“We have 10 plants in China, and one of them is in Wuhan, which serves our QSR customers. This plant is temporarily closed, and operations will resume once the Chinese authorities give their approval to resume business in Wuhan,” he said.
“Although, we do expect softness during the first quarter of 2020, considering these circumstances, we are confident about our future growth and profitability in the EAA region.”
The company posted a 2.5% revenue growth for the 12 months ended December 31, 2019, achieving nearly MXN 292bn ($15.31bn) – just shy of Wall Street expectations of MXN 294.65bn ($15.45bn) – compared to MXN 288.27bn ($15.11bn) last year.
According to Servitje, growth was driven by Bimbo’s operations in Mexico and EAA (Europe, Africa and Asia), and solid performance from its snacks category globally.
The Mexico business saw increases in volume across most categories and every channel. Certain categories – including buns, cookies and cakes – and the convenience channel outperformed the year prior.
Flexible portfolio of offerings
“We are constantly working on becoming more competitive, making our products more accessible to our consumer base, and creating a flexible portfolio of offerings to adjust to market and consumer needs,” he said.
Bimbo achieved a 13 fold increase in EBITDA in the EAA region, bolstered by the acquisition of Donuts Iberia, the launch of natural crustless bread and the strong performance of Bimbo QSR.
Conversely, North America – Bimbo’s largest market – saw flat sales versus the prior year, buoyed by strong growth in the sweet baked goods and the snack categories overall.
“In Canada, we captured additional market share, driven by strength in the bread buns and rolls, and English muffins categories,” said Servitje. Offsetting these gains was the company’s portfolio optimisation initiative implemented in Q2 2019.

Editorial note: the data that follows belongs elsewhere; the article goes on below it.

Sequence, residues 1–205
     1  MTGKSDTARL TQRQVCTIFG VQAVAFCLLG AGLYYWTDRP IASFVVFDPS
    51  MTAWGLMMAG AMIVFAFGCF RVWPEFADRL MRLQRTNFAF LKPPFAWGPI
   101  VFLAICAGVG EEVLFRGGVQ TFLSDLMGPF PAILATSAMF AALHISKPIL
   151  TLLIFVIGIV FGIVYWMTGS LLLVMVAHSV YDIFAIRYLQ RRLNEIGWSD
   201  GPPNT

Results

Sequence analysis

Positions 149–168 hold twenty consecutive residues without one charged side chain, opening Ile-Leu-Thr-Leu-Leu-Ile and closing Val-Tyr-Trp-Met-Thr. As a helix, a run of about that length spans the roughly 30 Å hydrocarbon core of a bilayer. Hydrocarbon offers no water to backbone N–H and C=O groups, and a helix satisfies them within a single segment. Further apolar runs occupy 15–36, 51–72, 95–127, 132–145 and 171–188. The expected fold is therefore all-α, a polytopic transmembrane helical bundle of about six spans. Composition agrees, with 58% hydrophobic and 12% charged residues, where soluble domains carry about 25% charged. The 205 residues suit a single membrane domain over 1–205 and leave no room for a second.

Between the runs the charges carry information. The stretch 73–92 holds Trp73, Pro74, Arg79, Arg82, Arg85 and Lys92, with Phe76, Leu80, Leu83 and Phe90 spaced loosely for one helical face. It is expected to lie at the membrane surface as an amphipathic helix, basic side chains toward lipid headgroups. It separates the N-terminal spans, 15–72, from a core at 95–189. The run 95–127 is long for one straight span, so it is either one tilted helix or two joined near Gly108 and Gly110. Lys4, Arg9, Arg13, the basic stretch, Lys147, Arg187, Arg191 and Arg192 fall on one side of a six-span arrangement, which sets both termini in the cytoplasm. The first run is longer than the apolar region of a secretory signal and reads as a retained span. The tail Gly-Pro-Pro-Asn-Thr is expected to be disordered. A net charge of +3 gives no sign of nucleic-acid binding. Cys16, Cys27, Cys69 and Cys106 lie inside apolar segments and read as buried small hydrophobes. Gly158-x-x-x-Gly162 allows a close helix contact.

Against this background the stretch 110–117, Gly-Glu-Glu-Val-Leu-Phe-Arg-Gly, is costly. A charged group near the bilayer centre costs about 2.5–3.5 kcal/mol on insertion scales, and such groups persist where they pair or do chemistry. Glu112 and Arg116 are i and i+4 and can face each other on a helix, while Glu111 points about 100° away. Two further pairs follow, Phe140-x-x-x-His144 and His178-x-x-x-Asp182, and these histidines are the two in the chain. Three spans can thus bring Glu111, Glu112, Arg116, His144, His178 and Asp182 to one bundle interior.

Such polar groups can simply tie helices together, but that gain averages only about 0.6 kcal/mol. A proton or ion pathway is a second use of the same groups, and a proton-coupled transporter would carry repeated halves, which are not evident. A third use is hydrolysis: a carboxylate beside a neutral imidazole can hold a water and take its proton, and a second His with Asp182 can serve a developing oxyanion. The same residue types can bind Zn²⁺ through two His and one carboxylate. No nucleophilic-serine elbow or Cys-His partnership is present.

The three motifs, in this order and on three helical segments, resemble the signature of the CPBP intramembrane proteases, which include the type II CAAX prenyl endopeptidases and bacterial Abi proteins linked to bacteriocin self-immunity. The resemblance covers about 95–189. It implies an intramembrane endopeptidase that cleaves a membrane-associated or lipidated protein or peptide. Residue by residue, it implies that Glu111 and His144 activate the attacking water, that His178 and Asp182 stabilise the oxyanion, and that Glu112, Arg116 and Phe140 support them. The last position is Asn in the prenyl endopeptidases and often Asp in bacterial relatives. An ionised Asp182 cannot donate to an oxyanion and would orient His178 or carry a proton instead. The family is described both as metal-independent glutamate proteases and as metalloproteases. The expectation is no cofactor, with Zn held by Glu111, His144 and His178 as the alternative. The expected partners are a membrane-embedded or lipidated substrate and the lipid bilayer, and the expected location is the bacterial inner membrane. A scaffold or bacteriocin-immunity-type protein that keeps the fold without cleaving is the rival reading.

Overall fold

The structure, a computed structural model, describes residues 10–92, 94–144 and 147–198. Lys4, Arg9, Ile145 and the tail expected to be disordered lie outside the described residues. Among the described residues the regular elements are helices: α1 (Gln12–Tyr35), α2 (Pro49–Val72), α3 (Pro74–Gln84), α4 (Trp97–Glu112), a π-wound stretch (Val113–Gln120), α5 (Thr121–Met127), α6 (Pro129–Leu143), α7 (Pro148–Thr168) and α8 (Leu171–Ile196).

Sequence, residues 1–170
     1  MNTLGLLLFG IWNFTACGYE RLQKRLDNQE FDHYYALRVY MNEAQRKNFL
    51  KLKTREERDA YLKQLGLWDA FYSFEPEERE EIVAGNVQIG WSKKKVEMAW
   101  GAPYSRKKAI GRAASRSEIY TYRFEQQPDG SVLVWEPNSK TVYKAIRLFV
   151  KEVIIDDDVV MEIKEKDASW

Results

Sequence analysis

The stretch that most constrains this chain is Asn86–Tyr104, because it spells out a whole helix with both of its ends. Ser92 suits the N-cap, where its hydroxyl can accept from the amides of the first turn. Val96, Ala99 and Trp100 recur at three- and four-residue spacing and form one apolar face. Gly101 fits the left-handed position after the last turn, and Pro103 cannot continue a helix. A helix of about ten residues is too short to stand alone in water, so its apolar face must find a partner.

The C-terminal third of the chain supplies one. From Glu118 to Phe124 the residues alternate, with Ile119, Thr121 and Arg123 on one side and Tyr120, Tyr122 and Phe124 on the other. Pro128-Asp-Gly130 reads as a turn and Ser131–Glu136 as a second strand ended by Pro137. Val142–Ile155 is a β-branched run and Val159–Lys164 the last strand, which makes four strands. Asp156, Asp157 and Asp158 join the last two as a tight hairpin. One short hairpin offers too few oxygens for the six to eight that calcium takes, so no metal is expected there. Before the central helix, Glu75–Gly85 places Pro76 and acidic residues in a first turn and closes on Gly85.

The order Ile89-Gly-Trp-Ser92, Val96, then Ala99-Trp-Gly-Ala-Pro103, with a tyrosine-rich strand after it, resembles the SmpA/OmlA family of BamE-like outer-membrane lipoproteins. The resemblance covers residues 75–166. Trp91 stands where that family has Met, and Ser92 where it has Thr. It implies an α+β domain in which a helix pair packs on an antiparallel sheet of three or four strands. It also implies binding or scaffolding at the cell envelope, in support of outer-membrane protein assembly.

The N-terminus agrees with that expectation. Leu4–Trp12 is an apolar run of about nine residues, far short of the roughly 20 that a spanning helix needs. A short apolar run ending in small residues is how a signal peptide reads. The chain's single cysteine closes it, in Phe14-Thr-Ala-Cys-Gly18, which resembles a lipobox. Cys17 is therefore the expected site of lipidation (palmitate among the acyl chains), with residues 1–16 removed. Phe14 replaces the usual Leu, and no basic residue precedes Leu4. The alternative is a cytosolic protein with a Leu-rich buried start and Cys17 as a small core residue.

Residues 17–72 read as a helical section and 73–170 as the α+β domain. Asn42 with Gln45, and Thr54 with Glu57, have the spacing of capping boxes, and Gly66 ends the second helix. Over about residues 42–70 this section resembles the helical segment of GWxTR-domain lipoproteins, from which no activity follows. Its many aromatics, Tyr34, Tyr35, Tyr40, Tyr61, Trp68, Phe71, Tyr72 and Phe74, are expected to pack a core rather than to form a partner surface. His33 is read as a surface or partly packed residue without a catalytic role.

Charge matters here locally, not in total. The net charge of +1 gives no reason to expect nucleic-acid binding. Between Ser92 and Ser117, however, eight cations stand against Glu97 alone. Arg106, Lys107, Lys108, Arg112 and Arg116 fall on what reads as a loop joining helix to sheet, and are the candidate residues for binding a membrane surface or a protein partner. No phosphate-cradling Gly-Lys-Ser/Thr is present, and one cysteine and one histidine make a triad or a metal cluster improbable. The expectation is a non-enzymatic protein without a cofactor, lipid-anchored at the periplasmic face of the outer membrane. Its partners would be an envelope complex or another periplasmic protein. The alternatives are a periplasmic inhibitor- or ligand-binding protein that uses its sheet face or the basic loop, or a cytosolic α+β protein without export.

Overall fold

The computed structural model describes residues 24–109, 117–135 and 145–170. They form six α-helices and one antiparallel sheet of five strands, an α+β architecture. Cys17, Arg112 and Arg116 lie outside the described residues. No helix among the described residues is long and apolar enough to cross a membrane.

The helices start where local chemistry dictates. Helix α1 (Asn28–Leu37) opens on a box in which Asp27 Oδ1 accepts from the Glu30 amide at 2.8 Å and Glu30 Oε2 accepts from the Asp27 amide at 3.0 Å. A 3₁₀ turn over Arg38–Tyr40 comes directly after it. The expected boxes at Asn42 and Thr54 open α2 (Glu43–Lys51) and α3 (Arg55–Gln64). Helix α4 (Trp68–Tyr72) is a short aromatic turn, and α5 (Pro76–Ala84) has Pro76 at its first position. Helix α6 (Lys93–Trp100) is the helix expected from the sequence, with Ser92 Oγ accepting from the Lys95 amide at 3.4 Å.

“This initiative resulted in temporary volume softness, as we eliminated close to 16% of our branded SKU, SKUs across premium bread, mainstream bread, and breakfast categories.”
Aggressive restructuring efforts
Bimbo has recently undertaken a spate of strategic acquisitions, closures and realignments in its quest to become a more agile company.
“Our continued focus on becoming a linear company as well as aggressive restructuring efforts were necessary enabled us to grow EBITDA in almost every region,” said Servitje
It streamlined its manufacturing footprint during the year by closing seven plants globally, but reinvesting to drive growth with new distribution centres in Mexico and Latin America, as well as five plants in EAA and Latin America.
It also expanded its operations to Kazakhstan, expanding its global leadership to 33 countries.
Strategic bold-on acquisitions included Mankattan in China and Nutra Bien in Chile. It also completed the acquisition of Lender’s, the largest refrigerated and frozen bagel player in the US.
“We are pleased to add this iconic brand to Grupo Bimbo's portfolio, and we fully expect this business to be complementary and accretive to our existing powerful bagel business.”
‘Deeply humane company’
2019 was a milestone year for Bimbo’s sustainability commitments.
The Mexican bakery behemoth received the Rabobank Award for Leadership in Sustainability; signed the National Agreement for the New Plastic Economy; launched over 140 sustainable vehicles with a commitment to increase this fleet to 4,000 electric delivery vehicles by 2024; and presented advances of its renewable energy strategy.
“Regarding our sustainability initiatives, 2019 was a year where we reached several milestones in our commitment to the environment, having signed agreements related to food waste, electric energy and plastics,” Servitje told analysts.
“We are actively working on these initiatives to achieve our purpose of building a sustainable, highly-productive, and deeply humane company.”